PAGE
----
- Sullivan, John
- WWII operations, WWI operations
- RAN Ships
- HMAS Sydney I, HMAS Sydney II
- September 1991 edition of the Naval Historical Review (all rights reserved)
SYDNEY had been registering hits on the enemy for some time, mostly on COLLEONI, which was the nearer of the two targets. Eventually COLLEONI was stopped, and her crew began to abandon her. She had not suffered a great deal of damage on the upper deck, but SYDNEY’s shells had penetrated the thin hull and caused havoc internally. Leaving two of the destroyers to sink her with torpedoes, SYDNEY chased after BANDE NERE and scored more hits, but the Italian had the legs of SYDNEY, even with her freshly cleaned bottom, and she succeeded in getting away. Collins abandoned the chase at 1037, with great reluctance, after having been ordered to return to Alexandria. In any case, he was nearly out of 6″ ammunition. As a result of this action, coupled with an earlier Fleet action at Calabria, the Italian surface forces remained in harbour for a long time to come.
Now we come to the final scene. We return to the Indian Ocean, but considerably closer to Australia than the action between SYDNEY (1) and EMDEN. The German merchant raider KORMORAN was originally the Hamburg-Amerika Line’s STEIERMARK of 8,736 tons, and she had been requisitioned as she completed her builder’s trials. She was fitted with 6 x 5.9″ guns, of which four constituted a broadside, as well as anti-aircraft and close-range weapons, and six torpedo tubes. She carried two seaplanes, but as she had no catapult these had to be launched overside by crane. This was difficult to do in anything other than a flat calm, and consequently they were seldom used. She also carried approximately 360 mines. She was commissioned into the German Navy in October 1940, under the command of Korvettenkapitan Theodor Detmers. She sailed on 3rd December, 1940, disguised as the Russian VYACHESLA MOLOTOV and commenced operations in the Atlantic, where she sank or captured eight ships. On 1st May, 1941, she passed into the Indian Ocean, where she apparently adopted the disguise of the Dutch STRAAT MALAKKA and later a Japanese ship. Detmers picked off three more victims in the Indian Ocean. The last of these was a small unarmed Greek steamer which was sunk on 25th September. Several times KORMORAN intended to lay some of her mines, but in the event she never laid any at all.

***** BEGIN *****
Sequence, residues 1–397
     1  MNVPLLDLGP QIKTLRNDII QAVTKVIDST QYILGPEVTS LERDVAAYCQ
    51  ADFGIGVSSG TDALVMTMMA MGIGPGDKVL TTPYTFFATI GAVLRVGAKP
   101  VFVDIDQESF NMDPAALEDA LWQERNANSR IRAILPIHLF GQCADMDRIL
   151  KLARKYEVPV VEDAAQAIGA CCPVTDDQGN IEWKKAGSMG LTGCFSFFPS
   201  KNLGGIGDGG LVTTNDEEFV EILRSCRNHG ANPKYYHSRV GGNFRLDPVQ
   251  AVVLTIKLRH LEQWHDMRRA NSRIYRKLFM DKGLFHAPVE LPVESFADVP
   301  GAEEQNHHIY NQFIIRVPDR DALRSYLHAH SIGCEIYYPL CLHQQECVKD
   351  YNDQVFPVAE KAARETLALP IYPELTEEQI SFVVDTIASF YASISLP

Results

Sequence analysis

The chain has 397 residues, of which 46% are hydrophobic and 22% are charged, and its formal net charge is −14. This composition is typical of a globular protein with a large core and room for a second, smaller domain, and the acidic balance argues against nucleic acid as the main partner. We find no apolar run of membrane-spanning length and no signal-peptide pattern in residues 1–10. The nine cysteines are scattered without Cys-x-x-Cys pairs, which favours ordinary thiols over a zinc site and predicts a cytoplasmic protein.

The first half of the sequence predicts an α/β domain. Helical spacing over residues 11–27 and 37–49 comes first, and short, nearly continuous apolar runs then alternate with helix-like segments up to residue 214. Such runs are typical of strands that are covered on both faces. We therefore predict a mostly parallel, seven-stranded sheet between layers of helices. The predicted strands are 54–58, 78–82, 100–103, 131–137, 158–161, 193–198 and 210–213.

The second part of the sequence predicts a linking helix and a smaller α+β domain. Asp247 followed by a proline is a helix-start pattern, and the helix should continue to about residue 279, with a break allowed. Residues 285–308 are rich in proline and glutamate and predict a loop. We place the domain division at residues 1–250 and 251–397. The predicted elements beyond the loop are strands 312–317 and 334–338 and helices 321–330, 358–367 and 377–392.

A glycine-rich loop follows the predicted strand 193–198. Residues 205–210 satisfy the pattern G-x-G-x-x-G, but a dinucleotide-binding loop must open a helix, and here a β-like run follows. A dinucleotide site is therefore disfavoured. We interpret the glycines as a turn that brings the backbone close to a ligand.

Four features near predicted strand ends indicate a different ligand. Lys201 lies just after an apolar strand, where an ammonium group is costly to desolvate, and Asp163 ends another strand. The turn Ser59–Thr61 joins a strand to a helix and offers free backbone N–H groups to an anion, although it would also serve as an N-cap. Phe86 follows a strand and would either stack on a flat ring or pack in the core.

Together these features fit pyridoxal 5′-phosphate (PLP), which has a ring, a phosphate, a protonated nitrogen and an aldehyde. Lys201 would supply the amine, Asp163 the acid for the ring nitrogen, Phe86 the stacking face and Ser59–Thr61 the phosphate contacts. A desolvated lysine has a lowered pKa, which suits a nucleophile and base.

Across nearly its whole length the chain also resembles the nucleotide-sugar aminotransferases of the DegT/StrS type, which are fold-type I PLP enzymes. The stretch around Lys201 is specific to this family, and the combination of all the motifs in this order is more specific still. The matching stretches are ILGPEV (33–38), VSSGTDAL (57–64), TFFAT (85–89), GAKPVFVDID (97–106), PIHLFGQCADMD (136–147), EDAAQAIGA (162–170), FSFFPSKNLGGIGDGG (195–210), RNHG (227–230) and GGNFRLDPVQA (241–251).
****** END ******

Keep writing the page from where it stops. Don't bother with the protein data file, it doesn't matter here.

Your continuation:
SYDNEY, now commanded by Captain Joseph Burnett, left Fremantle on 11th November, 1941, escorting the troopship ZEALANDIA on her way to Singapore. She handed ZEALANDIA over to HMS DURBAN in Sunda Strait, when she signalled her expected return to Fremantle as 20th November. That was the last that was seen or heard of SYDNEY, except by KORMORAN. The only information available came from survivors of KORMORAN. On 19th November the two ships made contact and in the ensuing battle SYDNEY sank KORMORAN, but in so doing she received very heavy damage herself. Did she blow up as a result of the raging fires aboard? Many of the statements from KORMORAN survivors are contradictory, or to say the least, hard to believe.
This article is not the place to discuss the various controversial issues which are associated with SYDNEY’s loss. If the answers are ever to be known, it will have to be soon. There can’t be too many of KORMORAN’s survivors who are still alive, and they alone can tell what really happened. Why were there no survivors from SYDNEY? When HOOD blew up there were only three survivors rescued, but there were probably many others who escaped the explosion only to perish in the icy Arctic waters. There were many more survivors from BARHAM when she blew up in the much warmer Mediterranean, and it could be expected that this would be the case in the Indian Ocean.
It is suggested that a study of Michael Montgomery’s book, “Who Sank the SYDNEY?“, might be worthwhile. This book is certainly controversial, but it does not – cannot – give answers to the many problems involved in the sinking of SYDNEY.
Barbara Winters’ “HMAS SYDNEY – Fact, Fantasy and Fraud” is also well worth studying.
Hopefully this article has brought back many memories to our older readers, and whetted the appetites of the younger ones for a better understanding of naval history.